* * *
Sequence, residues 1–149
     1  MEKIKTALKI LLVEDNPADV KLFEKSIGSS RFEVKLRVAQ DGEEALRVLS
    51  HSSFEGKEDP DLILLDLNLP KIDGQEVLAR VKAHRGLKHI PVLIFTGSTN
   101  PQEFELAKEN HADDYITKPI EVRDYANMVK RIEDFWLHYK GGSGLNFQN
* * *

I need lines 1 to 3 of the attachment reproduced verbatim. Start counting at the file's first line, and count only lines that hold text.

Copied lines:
Sequence, residues 1–149
     1  MEKIKTALKI LLVEDNPADV KLFEKSIGSS RFEVKLRVAQ DGEEALRVLS
    51  HSSFEGKEDP DLILLDLNLP KIDGQEVLAR VKAHRGLKHI PVLIFTGSTN